By now it’s obvious, but it needs to
be said: The members of the Ann Arbor Police Department and the
Department of Public Safety should all be arrested for
impersonating officers. They drive around in cruisers and wear blue
uniforms. They stick white envelopes on the hood of your car.
They’ll even drag you off the sidewalk if you’re
carrying a cup at night. But when it comes to keeping the peace
— and that is their real title, peace officers —
they’re just show-cops: They show up and then they cop
out.

Kate Green

In my years at the University, I’ve seen officers harass
homeless people, tell a harmless nonstudent to leave University
property immediately and interrogate a guy named Silver because he
had a “street” appearance. I’ve seen them stalk
parties for young drinkers, empty wallets looking for fake IDs,
enter houses unannounced. I’ve seen the inside of a cop car,
with its computer dashboard and its plastic partition — I
know how many seconds it takes for a court-date to print from their
machine and how many months it takes to clear your record.

And I’ve seen them ruin Ann Arbor traditions, breaking up
block parties before they even started and ducking the heads of
naked, cuffed runners into cop cars — police pressure took
the Naked Mile down from 800 participants to a couple dozen in two
years’ time. I don’t know what it is, but there is
something about a peaceful student celebration that a cop just
can’t stand.

And sadly, those are the good points, because those are the
times when the cops were around, as unwanted as they were. At other
times, like the frat brawl earlier this week, students have called
officers for help and found that no one really cares. They’ve
discovered that the one time we do want to see a cop, the cops
don’t want to see us.

The past week’s happenings weren’t just a fluke.
AAPD Sgt. Tom Seyfried’s statement that the fight was
“childish nonsense” wasn’t just one man shooting
his mouth off. It is part of a policy to ignore students’
pleas for help, to regard serious callers as tattlers with no
backbone. Noise complaints, drinkers under 21 — those call
for immediate action. But a fight? It will blow over.

I had a run-in like this in the early fall, when my house had an
open-house party. Some wrestlers from down the street had stolen
food from our pantry, and when one of my friends confronted them,
five or six guys dragged him into the driveway, punching and
kicking him. They all split, but the biggest of them returned a few
minutes later with a friend, and then the fight really started. The
big guy could take on anybody. He had been kicked off the team, so
he didn’t need to stay below any weight class. He
head-butted. Honestly, who head-butts? A Native American neighbor
— a nonviolent type who owns his grandfather’s peace
pipe — asked, “What are you guys fighting about?”
and was thrown onto a car’s hood, his nose broken and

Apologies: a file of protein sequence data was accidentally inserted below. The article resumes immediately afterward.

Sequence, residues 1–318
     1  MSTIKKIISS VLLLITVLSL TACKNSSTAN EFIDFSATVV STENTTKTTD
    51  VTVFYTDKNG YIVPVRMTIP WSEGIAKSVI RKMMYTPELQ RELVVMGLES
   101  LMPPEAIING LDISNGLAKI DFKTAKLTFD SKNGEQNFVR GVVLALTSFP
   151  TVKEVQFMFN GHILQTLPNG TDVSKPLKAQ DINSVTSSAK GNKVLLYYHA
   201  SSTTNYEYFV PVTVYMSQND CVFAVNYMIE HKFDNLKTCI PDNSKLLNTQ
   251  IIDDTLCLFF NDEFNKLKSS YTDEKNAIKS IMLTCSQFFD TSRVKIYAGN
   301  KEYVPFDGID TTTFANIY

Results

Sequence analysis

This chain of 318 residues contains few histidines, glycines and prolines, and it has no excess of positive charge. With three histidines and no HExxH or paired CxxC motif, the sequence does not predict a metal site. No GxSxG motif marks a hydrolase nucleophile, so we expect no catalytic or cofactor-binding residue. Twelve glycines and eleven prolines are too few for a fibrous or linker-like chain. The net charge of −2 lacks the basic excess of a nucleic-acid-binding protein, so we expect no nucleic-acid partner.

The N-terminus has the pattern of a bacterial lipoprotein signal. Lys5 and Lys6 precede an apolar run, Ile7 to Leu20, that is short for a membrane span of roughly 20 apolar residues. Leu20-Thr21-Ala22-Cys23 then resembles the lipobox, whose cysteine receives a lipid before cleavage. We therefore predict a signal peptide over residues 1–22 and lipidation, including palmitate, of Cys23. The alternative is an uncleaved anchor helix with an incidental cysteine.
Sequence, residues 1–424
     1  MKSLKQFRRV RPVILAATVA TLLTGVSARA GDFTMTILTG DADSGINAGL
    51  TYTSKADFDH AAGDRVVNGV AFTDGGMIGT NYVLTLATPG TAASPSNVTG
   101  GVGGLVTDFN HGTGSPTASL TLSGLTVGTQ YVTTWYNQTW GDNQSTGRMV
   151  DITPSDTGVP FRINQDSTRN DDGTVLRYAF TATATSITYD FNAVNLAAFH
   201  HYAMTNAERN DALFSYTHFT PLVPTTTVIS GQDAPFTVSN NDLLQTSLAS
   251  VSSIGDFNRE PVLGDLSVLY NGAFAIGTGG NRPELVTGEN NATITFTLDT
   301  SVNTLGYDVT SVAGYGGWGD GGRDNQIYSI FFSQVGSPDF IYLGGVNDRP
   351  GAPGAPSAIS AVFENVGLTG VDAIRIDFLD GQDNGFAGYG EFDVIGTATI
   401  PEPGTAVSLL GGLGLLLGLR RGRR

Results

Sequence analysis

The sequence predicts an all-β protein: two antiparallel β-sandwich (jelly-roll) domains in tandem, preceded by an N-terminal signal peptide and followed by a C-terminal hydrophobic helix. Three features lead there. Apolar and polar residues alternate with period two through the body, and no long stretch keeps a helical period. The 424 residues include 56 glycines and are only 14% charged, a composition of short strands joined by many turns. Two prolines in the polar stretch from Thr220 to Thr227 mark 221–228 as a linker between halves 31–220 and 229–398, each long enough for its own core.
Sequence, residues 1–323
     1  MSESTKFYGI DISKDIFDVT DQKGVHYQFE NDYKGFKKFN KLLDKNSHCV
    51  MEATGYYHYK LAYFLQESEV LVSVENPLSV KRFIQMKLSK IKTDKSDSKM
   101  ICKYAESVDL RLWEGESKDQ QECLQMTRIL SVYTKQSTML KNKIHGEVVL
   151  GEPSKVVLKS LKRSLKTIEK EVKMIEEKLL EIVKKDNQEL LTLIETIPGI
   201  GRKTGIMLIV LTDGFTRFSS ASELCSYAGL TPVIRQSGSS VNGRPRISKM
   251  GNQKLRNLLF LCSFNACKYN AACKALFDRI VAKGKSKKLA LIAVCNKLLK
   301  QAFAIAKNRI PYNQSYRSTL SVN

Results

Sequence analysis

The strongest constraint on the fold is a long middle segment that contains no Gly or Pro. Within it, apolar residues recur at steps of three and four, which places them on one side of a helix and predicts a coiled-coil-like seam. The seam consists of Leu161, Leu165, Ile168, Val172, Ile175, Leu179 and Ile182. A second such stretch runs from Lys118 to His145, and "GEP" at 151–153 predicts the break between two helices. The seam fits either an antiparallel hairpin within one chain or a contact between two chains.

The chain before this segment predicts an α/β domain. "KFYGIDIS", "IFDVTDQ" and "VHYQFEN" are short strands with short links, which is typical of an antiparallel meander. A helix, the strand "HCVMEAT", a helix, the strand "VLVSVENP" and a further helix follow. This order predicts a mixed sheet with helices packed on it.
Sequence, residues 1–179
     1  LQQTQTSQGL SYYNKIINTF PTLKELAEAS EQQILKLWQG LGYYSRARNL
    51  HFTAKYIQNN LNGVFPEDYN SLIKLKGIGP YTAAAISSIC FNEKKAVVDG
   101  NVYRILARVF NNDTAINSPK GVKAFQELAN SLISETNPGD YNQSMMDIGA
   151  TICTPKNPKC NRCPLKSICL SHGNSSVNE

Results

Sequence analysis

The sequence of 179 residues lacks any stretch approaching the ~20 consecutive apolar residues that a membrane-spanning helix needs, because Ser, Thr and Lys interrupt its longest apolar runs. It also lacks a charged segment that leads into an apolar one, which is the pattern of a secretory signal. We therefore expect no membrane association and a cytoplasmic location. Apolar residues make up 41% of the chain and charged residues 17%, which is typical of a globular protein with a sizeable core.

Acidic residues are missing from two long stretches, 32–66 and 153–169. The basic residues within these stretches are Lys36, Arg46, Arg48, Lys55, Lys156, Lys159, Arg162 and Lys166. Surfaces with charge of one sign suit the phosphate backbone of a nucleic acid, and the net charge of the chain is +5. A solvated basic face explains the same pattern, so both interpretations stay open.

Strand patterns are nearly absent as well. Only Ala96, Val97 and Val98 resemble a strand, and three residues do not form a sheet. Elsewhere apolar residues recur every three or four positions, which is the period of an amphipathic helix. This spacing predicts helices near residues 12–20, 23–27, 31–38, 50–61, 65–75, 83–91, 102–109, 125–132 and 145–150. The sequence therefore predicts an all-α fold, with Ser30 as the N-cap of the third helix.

bloodied. A few black neighbors came to our back and were promptly
greeted by a word the wrestler must have learned from his parents.
More punches, biting, etc. It went on like this forever. After
forever, there were hospital visits. It was, in general, not a good
night.

Somewhere along the line, the girls next door called the cops,
but they only showed up after it was done. A cop car had been
stalking the house all night during the party, prowling for MIPs.
At times, two or three were parked on the street. But during the
fight they were in stealth mode, lest anyone know they exist.

The cops said they couldn’t bring charges unless we gave
them names, and when we gave them names, they gave some other
excuse. Later, a cop at the hospital had to ask for the whole story
again and again — the earlier cops hadn’t told him
anything. Eventually, a report was filed, but nothing came of
it.

Of course, it’s not manly to rely on cops when you should
be able to bust someone’s head yourself. That is the ethos
that prevails among students at 3 a.m. But strangely, it’s
the police’s attitude too. I don’t like the idea of
police keeping everything under lockdown — in fact I
don’t like police at all. But if they only did one thing,
shouldn’t it be to solve violent conflicts? Michigan students
comprise a transient urban population with hardly any social bonds.
On top of that, there are people like the wrestler who are mentally
deficient, inherently violent and here on scholarship — it
only takes one scholarship revocation to make Friday night turn
ugly.

Ultimately this is more than just a criticism of the police.
It’s about all the enabling parties who keep assholes around
at this university. I admit, sometimes I have the romantic notion
of violence against institutions in order to save the individual.
It’s a fairly harmless idea, much more artistic and literary
than it is practical. But there are certain types — the frat
brawlers, the drunken wrestlers — who use our institutions as
cover for violence against individuals. If the police don’t
want to stop them, then they shouldn’t fake it. People ought
to understand that they’re on their own.

Cotner can be reached at
“mailto:cotners@umich.edu”>cotners@umich.edu.

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